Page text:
The Great Rift Valley is a perplexing place and always has been. People have lived here since there were people, and pre-humans (as well as the ancestors of the great apes) before that.
The rifting created great troughs where water collected and the volcanoes that accompanied the faulting spewed out wonderfully fertile soils. It was all anyone, or any animal could ask for and life has consequently thrived there. But the Great Rift Valley is not one thing, rather it is a confounding geological phenomenon; it has been described as "lots of rifts" but even that does not adequately define the interconnecting complex of faults and grabens that dice up much of east Africa.
There are two main systems of deep earth trenches in East Africa: the main, Eastern or Gregory Rifts and the Western or Albertine Rift. The two branches look like upstretched arms separated by the 1,300-kilometre wide East African Plateau on which lies the largest of Africa's great lakes, Lake Victoria.
The Albertine Rift is flanked by some of the highest mountains in Africa including the glacier-chiseled Ruwenzori, or Mountains of the Moon, and holds most of the biggest lakes including Lake Tanganyika, the longest and second deepest freshwater body on the planet.
Other significant lakes of this system include Edward, Albert and Kivu. Being discrete, deep and freshwater systems, these great lakes are home to an extraordinary number and diversity of freshwater fishes. There are around 1,500 species of cichlids and another eight major fish families, which together with the cichlids represent the backbone of the world's freshwater aquarium trade today. However, it is the Gregory Rift that is the more extensive and the one most associated with the concept of a "great rift valley".
In reality the entire rift system spans some 6,000 kilometres, from Syria in the Middle East to central Mozambique, with tail ends running like the strands of a frayed rope into the Zambezi River valley to beneath the vast sand bowl on which lies the Okavango Delta in Botswana. The "elbow" of the Red Sea is known to geologists as the Afar Triple Junction where two geological plates, the Nubian and the Somali, are busy tearing apart and splitting Africa in two.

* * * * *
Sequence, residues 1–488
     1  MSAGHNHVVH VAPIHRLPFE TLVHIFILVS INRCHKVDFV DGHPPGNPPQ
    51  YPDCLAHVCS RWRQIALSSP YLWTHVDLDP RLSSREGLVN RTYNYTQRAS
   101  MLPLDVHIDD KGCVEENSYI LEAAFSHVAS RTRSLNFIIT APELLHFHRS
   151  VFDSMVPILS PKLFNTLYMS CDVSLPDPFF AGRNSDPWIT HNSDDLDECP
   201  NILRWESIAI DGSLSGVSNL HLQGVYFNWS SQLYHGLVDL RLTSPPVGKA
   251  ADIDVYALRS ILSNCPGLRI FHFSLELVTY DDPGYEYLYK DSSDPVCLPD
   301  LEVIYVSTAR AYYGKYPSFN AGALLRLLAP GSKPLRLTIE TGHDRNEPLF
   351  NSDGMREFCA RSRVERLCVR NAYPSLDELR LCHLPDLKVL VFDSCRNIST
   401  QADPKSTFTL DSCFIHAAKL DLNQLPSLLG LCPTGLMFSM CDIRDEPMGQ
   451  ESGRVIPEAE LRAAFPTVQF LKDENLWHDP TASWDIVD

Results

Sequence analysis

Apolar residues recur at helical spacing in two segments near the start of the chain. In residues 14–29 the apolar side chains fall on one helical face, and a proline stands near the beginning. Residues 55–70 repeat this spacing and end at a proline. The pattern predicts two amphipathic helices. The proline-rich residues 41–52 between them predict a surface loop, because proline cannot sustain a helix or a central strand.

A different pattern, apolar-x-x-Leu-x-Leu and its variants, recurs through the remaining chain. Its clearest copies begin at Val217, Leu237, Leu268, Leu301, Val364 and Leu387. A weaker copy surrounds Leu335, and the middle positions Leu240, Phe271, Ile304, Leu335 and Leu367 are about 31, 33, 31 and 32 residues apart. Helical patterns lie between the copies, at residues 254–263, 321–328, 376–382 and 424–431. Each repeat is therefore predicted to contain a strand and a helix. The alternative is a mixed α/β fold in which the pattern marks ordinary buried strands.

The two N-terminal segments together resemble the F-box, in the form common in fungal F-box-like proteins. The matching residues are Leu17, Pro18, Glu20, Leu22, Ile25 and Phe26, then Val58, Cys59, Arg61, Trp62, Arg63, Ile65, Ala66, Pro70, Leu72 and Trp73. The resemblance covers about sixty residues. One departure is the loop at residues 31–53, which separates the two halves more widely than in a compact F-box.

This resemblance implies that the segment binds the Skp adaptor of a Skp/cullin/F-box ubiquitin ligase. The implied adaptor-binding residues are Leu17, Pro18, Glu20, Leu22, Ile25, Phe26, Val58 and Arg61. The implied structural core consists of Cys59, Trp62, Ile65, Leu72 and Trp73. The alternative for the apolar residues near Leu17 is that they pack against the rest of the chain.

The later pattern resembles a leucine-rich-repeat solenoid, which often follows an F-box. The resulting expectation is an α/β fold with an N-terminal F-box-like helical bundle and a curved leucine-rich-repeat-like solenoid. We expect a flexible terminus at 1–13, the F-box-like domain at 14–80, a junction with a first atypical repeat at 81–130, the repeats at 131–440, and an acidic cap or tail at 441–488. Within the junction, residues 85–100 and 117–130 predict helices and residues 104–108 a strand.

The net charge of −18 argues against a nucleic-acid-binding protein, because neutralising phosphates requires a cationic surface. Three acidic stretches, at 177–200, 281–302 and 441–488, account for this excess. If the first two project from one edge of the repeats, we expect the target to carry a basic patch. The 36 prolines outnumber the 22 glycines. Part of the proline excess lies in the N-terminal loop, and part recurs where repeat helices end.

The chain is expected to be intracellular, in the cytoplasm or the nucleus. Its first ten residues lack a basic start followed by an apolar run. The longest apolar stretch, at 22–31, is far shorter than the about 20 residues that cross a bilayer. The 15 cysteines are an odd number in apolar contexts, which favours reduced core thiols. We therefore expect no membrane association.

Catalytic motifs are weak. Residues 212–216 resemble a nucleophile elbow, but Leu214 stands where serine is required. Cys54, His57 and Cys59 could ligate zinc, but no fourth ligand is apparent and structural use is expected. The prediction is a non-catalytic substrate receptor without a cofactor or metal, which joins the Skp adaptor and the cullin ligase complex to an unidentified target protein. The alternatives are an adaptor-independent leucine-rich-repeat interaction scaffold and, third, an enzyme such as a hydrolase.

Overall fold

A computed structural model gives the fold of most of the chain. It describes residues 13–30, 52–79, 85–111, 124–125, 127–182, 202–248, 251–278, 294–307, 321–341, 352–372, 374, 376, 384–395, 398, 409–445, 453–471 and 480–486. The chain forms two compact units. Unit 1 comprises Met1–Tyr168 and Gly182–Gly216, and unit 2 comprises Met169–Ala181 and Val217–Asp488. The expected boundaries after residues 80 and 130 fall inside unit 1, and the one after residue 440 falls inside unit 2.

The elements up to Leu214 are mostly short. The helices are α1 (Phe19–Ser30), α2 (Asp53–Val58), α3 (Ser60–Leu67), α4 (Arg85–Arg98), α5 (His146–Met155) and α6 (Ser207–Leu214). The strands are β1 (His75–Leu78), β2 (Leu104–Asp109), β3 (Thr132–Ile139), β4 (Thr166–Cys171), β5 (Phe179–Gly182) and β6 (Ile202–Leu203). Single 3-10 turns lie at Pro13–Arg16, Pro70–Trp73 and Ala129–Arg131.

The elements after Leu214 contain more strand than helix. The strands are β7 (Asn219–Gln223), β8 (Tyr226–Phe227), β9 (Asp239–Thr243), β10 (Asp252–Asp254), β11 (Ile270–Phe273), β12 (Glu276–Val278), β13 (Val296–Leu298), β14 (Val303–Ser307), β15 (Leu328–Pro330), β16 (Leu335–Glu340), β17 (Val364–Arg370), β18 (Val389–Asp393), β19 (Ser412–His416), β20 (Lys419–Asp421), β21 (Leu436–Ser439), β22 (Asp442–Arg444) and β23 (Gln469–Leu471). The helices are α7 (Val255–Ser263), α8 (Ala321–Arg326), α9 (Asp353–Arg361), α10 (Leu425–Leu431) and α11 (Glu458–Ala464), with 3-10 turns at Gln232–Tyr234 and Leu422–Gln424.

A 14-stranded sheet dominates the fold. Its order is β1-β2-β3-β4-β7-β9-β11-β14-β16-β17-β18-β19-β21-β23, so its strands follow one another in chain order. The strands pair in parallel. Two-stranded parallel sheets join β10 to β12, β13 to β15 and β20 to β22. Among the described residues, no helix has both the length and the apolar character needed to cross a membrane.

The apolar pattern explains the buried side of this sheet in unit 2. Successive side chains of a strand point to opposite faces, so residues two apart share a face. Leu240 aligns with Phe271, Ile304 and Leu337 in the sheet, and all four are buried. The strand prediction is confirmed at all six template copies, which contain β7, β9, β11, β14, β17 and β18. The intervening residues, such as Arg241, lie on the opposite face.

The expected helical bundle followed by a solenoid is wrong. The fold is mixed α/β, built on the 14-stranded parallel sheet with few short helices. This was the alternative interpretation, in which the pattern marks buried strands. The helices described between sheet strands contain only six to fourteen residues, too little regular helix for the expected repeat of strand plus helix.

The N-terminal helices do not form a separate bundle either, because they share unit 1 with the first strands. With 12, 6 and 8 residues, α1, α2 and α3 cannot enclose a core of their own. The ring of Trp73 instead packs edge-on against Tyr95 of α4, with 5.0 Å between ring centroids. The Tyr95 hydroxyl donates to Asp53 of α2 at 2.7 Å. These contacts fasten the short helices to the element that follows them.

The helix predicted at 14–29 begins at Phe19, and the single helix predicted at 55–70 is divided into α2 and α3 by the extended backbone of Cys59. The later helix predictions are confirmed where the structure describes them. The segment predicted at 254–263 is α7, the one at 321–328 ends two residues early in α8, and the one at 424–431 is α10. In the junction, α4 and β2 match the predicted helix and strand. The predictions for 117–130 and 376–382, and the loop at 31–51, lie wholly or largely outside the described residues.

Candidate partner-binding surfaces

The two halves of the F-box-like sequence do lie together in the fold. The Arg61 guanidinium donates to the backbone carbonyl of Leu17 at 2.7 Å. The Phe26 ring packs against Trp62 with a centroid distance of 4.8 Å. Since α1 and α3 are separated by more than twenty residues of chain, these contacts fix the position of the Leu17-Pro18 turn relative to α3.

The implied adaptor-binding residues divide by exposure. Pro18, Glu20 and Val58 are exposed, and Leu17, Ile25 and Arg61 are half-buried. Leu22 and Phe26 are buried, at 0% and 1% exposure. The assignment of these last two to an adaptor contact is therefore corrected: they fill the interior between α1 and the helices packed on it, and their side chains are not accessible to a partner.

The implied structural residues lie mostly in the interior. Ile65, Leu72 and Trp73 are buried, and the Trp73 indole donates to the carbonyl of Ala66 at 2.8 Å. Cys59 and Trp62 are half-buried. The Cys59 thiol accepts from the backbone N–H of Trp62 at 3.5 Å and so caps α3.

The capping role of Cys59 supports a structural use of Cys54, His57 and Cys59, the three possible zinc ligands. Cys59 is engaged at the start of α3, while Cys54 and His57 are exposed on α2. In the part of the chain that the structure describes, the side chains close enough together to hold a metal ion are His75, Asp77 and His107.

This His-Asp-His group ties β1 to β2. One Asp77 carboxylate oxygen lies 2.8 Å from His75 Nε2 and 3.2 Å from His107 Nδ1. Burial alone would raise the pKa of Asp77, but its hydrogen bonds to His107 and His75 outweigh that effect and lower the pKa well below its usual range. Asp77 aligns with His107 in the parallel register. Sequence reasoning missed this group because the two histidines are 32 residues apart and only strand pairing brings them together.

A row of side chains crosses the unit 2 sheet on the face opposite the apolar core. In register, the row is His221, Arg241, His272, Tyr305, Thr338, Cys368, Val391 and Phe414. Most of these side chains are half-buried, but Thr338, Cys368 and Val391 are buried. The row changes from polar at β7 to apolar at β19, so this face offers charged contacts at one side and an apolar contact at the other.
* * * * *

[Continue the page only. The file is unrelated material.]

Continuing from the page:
Rifting started around 40 million years ago in the north, spreading through central Kenya around 15 million years ago, with the last significant faulting in northern Tanzania about eight million years ago. The widening of the rift is continuing at a rate of between six and seven centimetres a year.
It is estimated that in around 10 million years time the Somali Plate will shear off and a new ocean basin will begin to develop where today zebras and antelope graze. But, at least for the moment, the process does appear to be slowing because most of the volcanoes that line the valley, including Mount Kilimanjaro and the Ngorongoro Crater, are long dormant.
One, however, 01 Doinyo Lengai (the "mountain of god" in Maasai) has blown its top a few times in historical times. The last significant eruptions were in 2008, but it oozes lava pretty much continuously.
The Eastern Rift was named in honour of British explorer John Walter Gregory who, in 1893, coined the term "great rift valley". The first person to recognise it for what it was, however, was the geologist Joseph Thomson who explored the region in 1879-80 as part of a Royal Geographical Society sponsored expedition.
Thomson described the landscape at Lake Baringo thus: "Imagine if you can, a trough or depression 3,300 feet above sea level, and twenty miles broad, the mountains rising with very great abruptness on both sides to a height of 9,000 feet".
Thompson, being a geologist and perhaps having become somewhat jaded by the amazing wildlife sights, forgot to mention in his reports how the shores of lakes such as Nakuru and Naivasha teemed with elephants, buffaloes, leopards and lions, and all manner of beasts and birds of the East African savanna.
The Great Rift Valley Lodge is an oasis of considered greenery, as much in the midsts of a decidedly disordered African background. Rift Valley Lodge is ideally located on Mount Eburru, called Ol Donyo Opurru by the Maasai, which means "the mountain of smoke". The lodge is more like a country, or bush hotel, and by far the most comfortable place to stay in the region. Everything about it impressed us way beyond expectations. The service delivery and attention to detail is on par with anything we have experienced anywhere in Africa.
Great Rift Valley Lodge has luxuriant "hanging" gardens that cascade down the many slopes and are most impressive with an array of indigenous trees, shrubs and flowers. Each chalet is situated among verdant greenery with generous views over the Green Eco Park in which it is situated. The vistas extend across Lake Naivasha, the largest of the Rift Valley lakes in the area, and towards the spectacular dormant Qolcano, Mount Longonot.
At an elevation of 7,000 ft the lodge experiences a moderate climate, which is ideal for outdoor activities. The 18-hole golf course has magnificent greens and golfers are expected to avoid hitting the zebras! Great Rift Valley Lodge has received its fair share of accolades and is in every respect a very stylish destination.
By David Bristow